He moved in front of me until we were chest to chest and then he shoved me to the ground. When I attempted to get to my feet, he shoved me a second time.
This was not taken from a script of a Lifetime Original Movie starring Joanna Kerns. These are the words of Astros GM Ed Wade describing his encounter with pitcher Shawn Chacon, who was put on waivers yesterday after admitting to putting his hand around Wade’s throat and throwing him down to the ground.
As a follow-up story, The Houston Chronicle’s Jose de Jesus Ortiz wonders what exactly is going on between the Houston pitchers and their coaches, more specifically, pitching coach Dewey Robinson.
De Jesus Ortiz recounts an incident back on May 17 – facing the Texas Rangers, Astros ace Roy Oswalt complained to Robinson of pain in his groin after completing the sixth inning. Instead of being taken out, Oswalt was asked to give the team one more inning, but instead failed to record an out in the seventh (gave up consecutive hits to Ian Kinsler and Michael Young) before being removed. Following the game, Oswalt told reporters:
What makes this strange, however, is that Astros manager Cecil Cooper recounted this very differently:
“He just said he thought he could go back out for the seventh,” Cooper said. “We felt we could get one more out of him.”
Sounds like someone’s lying, or to put it more nicely, someone has “communication problems”. Anyhow, back to de Jesus Ortiz’ column. Cecil Cooper obviously denies that there is a communication problem between the pitching corps and their coach. Oswalt, however, uses words that are probably a little too open to interpretation when talking about his first year manager and pitching coach:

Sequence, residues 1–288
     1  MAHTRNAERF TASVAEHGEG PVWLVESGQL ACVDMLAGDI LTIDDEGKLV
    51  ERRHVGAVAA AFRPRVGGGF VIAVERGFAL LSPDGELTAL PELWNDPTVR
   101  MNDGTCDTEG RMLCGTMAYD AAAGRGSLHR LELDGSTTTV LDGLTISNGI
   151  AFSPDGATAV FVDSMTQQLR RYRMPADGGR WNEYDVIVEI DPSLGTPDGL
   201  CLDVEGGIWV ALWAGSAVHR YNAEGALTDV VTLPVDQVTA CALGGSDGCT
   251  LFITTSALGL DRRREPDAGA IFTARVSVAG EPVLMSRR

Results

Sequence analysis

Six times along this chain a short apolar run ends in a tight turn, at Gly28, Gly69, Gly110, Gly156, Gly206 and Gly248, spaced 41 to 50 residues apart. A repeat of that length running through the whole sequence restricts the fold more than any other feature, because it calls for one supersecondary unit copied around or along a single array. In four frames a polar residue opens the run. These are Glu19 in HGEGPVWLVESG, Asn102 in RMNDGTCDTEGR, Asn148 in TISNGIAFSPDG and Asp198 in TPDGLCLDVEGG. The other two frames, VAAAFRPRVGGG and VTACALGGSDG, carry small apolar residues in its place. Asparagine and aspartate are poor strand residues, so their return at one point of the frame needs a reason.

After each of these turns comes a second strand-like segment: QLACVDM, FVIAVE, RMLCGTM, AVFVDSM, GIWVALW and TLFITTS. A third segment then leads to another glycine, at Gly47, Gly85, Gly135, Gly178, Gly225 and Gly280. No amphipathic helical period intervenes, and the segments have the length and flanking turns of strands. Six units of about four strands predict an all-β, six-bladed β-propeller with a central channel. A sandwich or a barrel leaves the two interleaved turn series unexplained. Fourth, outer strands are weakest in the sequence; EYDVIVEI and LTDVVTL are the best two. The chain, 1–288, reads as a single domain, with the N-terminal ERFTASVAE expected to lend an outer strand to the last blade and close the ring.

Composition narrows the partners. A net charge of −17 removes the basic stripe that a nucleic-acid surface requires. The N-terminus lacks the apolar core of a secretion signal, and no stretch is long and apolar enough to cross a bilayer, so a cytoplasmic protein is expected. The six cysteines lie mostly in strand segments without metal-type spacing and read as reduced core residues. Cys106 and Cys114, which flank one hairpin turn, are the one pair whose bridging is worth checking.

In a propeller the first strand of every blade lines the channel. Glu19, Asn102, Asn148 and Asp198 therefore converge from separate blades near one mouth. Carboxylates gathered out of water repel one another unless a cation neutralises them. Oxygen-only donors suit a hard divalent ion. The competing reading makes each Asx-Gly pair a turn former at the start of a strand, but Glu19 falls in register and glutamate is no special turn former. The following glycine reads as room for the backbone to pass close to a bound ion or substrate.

“I won’t say it’s a communication problem. Sometimes we see different from them, and they see it different from us. You still have to play no matter what.”
“I think it’s a lot of (it happening to be the) first time they’ve done this job. You worry about too many things at one time instead of just being worried about being focused on the team and know that everybody here is trying to give 100 percent. Sometimes the game is starting to look a little easier from the sideline than it does on the field. Overall, it’s just trying to get accustomed to the job.”
I can’t say that I blame Oswalt if he’s sounding a bit frustrated. I mean, Dewey Robinson seems to endorse the most useless baseball “skill-enhancing” product I have ever seen. Apparently, pitchers’ in-game performances are elevated by 3 bazillion percent when you begin calling the outside corner of the plate “7″.
Thanks goes out to Zvee Geffen for pointing out the Oswalt-part of the story.